Three strangers – brought together by gun violence – humanize and disrupt the narrative about so-called “black on black” crime in America.
Misty Copeland makes history as the American Ballet Theatre's first African-American principal dancer.
Nelson George is an author, filmmaker, television producer, and critic with a long career in analyzing and presenting the diverse elements of African-American culture. Queen Latifah won the Golden Globe for playing the lead in his directorial debut, the HBO movie Life Support, a critically-acclaimed drama about the effects of HIV on a troubled black… Show more family in Nelson’s native Brooklyn, New York. He co-edited, with Alan Leeds, The James Brown Reader (Plume), a collection of previously published articles about the Godfather of Soul that date as far back the late '50s. Since 2013, Nelson has completed documentary projects VH1's Rock Docs, Finding the Funk, Showtime's Brooklyn Boheme (which was supported by Kickstarter), ESPN's The Announcement, and the short All Hail the Beat for the Focus Forward campaign. Show less
Leslie Norville is a Brooklyn-based producer from Toronto, Canada. Her films have screened at numerous film festivals and on television around the world. Her first feature-length documentary as producer, Minustah Steals Goats, premiered at the 2010 International Documentary Film Festival Amsterdam and was distributed by 7th Art Releasing.… Show more Norville has collaborated with Nelson George on projects such as Finding the Funk, an official selection at the 2013 SXSW and Hot Docs Film Festivals; Disdain the Mundane, an ESPN 30 for 30 short; and Ballerina’s Tale, which had its world premiere at Tribeca Film Festival. Prior to her work with Nelson George, she had the opportunity to work with Lee Hirsch on his award-winning documentary Bully (Independent Lens, 2014) and on Jane Wells’ and JK Wasson's Tricked. Norville is also the recipient of a Tribeca Documentary Fund and a Funding Exchange grant. Show less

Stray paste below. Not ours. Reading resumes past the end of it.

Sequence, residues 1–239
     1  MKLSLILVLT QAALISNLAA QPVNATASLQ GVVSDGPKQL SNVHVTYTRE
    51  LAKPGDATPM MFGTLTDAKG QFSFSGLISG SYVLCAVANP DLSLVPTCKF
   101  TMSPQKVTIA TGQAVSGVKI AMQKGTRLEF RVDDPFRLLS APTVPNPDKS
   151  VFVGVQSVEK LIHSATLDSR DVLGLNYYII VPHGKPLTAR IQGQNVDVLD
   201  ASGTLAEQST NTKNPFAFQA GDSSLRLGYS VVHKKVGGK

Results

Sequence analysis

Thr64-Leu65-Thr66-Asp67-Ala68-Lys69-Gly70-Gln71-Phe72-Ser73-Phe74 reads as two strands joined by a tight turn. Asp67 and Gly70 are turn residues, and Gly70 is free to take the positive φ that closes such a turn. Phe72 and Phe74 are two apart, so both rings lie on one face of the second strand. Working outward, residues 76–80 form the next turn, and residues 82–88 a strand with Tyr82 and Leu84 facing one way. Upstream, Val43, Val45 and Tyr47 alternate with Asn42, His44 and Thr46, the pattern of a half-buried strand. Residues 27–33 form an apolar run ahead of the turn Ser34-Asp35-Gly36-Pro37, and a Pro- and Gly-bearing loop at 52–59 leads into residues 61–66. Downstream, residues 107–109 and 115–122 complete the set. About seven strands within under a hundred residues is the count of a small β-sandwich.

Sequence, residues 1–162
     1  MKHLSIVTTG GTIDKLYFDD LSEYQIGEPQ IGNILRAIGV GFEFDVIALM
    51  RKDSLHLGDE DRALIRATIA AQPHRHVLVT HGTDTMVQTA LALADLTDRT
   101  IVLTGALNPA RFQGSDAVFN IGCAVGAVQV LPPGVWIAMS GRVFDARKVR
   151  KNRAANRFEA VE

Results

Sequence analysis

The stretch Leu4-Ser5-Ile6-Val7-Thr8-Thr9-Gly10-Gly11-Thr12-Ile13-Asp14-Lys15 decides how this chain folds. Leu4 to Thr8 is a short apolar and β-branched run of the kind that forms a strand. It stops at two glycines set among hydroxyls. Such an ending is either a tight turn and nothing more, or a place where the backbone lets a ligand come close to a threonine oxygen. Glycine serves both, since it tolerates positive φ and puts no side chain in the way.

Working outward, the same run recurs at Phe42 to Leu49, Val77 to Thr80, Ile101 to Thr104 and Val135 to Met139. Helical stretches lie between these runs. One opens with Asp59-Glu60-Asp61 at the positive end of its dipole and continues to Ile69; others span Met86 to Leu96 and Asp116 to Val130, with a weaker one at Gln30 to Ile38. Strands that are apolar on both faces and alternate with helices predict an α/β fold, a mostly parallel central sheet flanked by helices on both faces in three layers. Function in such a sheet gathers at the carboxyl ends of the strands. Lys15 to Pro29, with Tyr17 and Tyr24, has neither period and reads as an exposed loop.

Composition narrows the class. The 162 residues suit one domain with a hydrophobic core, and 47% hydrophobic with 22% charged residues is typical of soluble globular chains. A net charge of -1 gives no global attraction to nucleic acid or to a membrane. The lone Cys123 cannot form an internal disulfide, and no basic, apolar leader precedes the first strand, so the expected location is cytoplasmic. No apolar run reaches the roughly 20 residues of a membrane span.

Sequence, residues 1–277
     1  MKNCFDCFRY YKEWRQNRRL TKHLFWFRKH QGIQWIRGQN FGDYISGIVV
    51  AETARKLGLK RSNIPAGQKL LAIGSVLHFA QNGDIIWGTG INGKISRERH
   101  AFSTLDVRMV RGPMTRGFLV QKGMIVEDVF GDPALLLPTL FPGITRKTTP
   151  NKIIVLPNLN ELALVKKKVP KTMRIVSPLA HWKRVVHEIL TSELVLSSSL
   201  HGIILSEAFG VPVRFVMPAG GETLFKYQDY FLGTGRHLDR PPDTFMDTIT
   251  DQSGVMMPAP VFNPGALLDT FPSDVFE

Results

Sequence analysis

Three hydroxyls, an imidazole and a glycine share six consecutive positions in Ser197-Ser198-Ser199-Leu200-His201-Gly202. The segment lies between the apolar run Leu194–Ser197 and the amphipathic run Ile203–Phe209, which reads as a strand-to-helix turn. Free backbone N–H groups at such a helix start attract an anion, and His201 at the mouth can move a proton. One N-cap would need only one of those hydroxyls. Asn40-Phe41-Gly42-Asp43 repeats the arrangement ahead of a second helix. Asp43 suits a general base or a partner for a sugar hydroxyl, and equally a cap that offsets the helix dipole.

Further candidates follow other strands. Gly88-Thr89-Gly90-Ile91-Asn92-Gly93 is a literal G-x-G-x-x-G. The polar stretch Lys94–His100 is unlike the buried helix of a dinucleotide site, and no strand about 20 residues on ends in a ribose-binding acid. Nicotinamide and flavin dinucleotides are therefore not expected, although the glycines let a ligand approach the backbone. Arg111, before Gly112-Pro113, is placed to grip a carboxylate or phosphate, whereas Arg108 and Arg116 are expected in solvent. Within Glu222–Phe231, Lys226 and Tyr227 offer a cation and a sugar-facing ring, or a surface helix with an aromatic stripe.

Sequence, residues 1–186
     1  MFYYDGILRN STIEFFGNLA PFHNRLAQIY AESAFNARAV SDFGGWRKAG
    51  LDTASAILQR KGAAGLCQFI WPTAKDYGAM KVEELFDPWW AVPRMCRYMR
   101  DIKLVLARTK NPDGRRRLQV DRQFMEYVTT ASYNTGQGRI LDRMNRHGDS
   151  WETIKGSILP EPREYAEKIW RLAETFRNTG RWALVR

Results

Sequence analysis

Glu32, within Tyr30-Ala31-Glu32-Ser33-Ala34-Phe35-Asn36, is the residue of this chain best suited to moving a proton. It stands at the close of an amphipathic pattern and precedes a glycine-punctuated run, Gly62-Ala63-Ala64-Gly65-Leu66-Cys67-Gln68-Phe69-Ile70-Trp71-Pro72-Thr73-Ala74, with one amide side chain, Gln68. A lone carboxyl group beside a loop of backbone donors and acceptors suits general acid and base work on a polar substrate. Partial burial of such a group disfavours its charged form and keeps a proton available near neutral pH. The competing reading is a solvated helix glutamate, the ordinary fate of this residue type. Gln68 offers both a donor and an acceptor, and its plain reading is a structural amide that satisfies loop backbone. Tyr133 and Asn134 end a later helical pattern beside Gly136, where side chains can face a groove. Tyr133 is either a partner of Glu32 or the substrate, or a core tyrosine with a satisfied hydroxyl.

Few dancers reach the elite level of ballet; of that already small number only a fraction are black women. Misty Copeland shattered those barriers in 2015, making history as the first African American principal dancer with the prestigious American Ballet Theatre (ABT).A Ballerina’s Tale intimately documents Copeland’s historic rise while shining a light on the absence of women of color at major ballet companies. The film also explores how ballet’s emphasis on waifish bodies impacts the health of ballerinas while sending a negative message to young fans.
Born in Kansas City, and raised in San Pedro, California, Misty Copeland did not begin studying ballet until the relatively late age of 13. In 2000, she joined ABT's Studio Company, and the following year became a member of ABT’s Corps de Ballet. She continued to rise within the company, becoming a soloist in August 2007. In 2013, she was offered the lead role in Igor Stravinsky's challenging Firebird, to be performed at New York's Metropolitan Opera House, a major coup for a soloist.
The night of the Firebird performance Misty danced beautifully, but later revealed she'd been performing in great pain. Soon she would learn that her left shin suffered six fractures and required corrective surgery. Many doubted she would ever dance again. A Ballerina's Tale follows Misty's journey, from the triumph of Firebird to the injury and painful road back to the American Ballet Theatre stage, and emergence as a star in the process.